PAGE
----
Warmongering and ROTC
MALACAÑANG’S MOVE to revive the Reserve Officers’ Training Corps comes at a time when the public is being bombarded by news of possible escalation of conflict in the West Philippine Sea, with many backers of the proposal saying that compulsory ROTC for college students will help the Philippines prepare for war.
In a recent early-morning talk show, I was pitted against Brig. Gen. Leoncio Cirunay Jr., chief of the Armed Forces of the Philippines’ Reserve Command, who hinged his whole pitch for the ROTC on this question: Who will be able to respond to the call of duty when war breaks out if not the reservists?
Clearly, the reinstatement of mandatory ROTC is riding a rising wave of warmongering fanned by Beijing’s stern refusal to recognize the decision of the Permanent Court of Arbitration in The Hague.
The spread of this jingoistic outlook on the maritime dispute is cause for alarm, especially at a time when thoughtful diplomatic measures and international solidarity building are very much needed to bolster the Philippines’ position. Suggesting a ramped-up reserve force to prepare for imminent aggression not only betrays the AFP’s bloodlust but also sends a wrong message to the international community.
Worse, what ROTC backers do not emphasize is that pump-priming the reserve force does not magically equip the nation to counter Beijing’s military might.
Our problem of weak territorial defense does not spring from a dearth of military recruits, as made clear by the number of troops currently deployed in the hinterlands of Mindanao. It is a result of the utter failure of the AFP Modernization Program, which has eaten up a significant portion of public funds.
While about P4 in every P100 of the national budget is spent for defense annually, and taxpayers have been shouldering more than P82 billion under the AFP Modernization Program since its institution in 1995, the Philippines is still far from having a credible maritime defense system. Creaking ships from the World War II era still patrol our seas, and refurbished planes dominate our skies. Add the persistent issues of graft and corruption to the aging modernization program, and we have a clear recipe for disaster.
In a way, the proposal to revive mandatory ROTC may even be a scheme aimed at painting a picture of military preparedness despite the failure of the AFP Modernization Program. With the ROTC now in the limelight, scrutiny of our territorial defense capability is relegated to the background. Smoke and mirrors, at the expense of students already unjustly burdened by a longer basic education curriculum under the K-to-12 program.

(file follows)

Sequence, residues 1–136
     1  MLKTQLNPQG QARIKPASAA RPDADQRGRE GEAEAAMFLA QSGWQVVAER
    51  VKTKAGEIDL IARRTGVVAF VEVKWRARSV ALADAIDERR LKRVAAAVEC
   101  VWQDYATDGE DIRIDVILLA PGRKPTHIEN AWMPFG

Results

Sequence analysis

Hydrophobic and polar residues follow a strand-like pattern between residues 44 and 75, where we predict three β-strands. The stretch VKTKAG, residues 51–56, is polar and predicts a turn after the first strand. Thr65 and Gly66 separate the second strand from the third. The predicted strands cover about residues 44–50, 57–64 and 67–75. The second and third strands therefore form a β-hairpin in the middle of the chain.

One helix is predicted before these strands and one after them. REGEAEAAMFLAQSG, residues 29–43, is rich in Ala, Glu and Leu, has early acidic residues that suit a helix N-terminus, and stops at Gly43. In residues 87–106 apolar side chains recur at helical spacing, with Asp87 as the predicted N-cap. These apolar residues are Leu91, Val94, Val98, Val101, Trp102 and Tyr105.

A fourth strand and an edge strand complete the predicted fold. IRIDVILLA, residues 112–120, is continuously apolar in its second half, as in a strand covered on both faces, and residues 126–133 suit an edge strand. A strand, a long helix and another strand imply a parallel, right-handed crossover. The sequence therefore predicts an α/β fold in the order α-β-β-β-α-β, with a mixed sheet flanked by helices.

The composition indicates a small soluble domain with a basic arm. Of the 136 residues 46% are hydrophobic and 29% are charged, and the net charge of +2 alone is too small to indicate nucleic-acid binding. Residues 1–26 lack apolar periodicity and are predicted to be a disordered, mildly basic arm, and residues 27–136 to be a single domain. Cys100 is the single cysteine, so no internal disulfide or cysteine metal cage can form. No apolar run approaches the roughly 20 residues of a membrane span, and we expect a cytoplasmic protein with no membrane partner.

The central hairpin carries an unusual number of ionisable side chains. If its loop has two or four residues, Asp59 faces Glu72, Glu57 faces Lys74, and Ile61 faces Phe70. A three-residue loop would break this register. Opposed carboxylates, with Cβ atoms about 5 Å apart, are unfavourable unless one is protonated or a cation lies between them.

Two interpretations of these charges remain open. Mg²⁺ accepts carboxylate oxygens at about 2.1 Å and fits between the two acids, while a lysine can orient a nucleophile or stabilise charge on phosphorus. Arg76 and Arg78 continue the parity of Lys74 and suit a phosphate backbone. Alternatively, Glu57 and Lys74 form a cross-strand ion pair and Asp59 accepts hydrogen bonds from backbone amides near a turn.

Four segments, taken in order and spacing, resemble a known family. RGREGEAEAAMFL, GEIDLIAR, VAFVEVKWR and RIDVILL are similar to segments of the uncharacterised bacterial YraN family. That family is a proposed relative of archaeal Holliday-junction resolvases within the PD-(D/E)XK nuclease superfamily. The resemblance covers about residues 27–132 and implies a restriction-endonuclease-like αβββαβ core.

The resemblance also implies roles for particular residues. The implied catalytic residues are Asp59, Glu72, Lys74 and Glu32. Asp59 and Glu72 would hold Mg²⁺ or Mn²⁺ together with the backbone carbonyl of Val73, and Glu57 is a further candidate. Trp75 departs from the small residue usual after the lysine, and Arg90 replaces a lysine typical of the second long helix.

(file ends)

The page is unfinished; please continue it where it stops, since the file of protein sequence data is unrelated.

The AFP has used the West Philippine Sea issue to squeeze billions of pesos in funding from Congress for its moribund modernization program. We must not let it use that issue again to justify the revival of a reviled reservist program.
The ROTC is only one of three options under the National Service Training Program (NSTP) instituted by Republic Act No. 9163 (2002). The NSTP lost its monopoly over service training as a result of the firestorm raised by youth and student groups following the death of Mark Welson Chua, an ROTC cadet from the University of Santo Tomas, who was killed in 2001 after alleging corruption in his school’s reservist program.
The violence, the corruption, and the controversies persist in the ROTC, despite being only optional for over a decade now. Just recently, a viral video from the University of Mindanao-Tagum campus showed cadets undergoing hazing. The likes of General Cirunay blame “lapses in administration” for the continuing violence, overlooking the fact that the ROTC systematically promotes a militarist culture that perpetuates not only corruption but also sexism and political patronage.
In his first State of the Nation Address, President Duterte said he wanted to strengthen the ROTC to “instill love of country and good citizenship” in the youth. But that vision may quickly turn into a nightmare if the AFP has its way and successfully shoves its reservist program down every student’s throat.
One good development is Mr. Duterte’s openness to a dialogue with those opposed to mandatory ROTC. Indeed, there are many issues that need discussion, ranging from violence to the program’s incompatibility with academic freedom and provisions of the International Humanitarian Law that restrict the use of schools for military purposes. The government should be reminded that civilian educational institutions should not be made to shoulder compulsory military training.
These issues must be properly addressed for the President to correctly assess the viability of his plan.
After all, we cannot simply accept the revival of a violent, corruption-ridden program that rides on a wave of pseudopatriotic sentiments.
Marjohara Tucay is the national president of Kabataan Partylist.
Subscribe to INQUIRER PLUS to get access to The Philippine Daily Inquirer & other 70+ titles, share up to 5 gadgets, listen to the news, download as early as 4am & share articles on social media. Call 896 6000.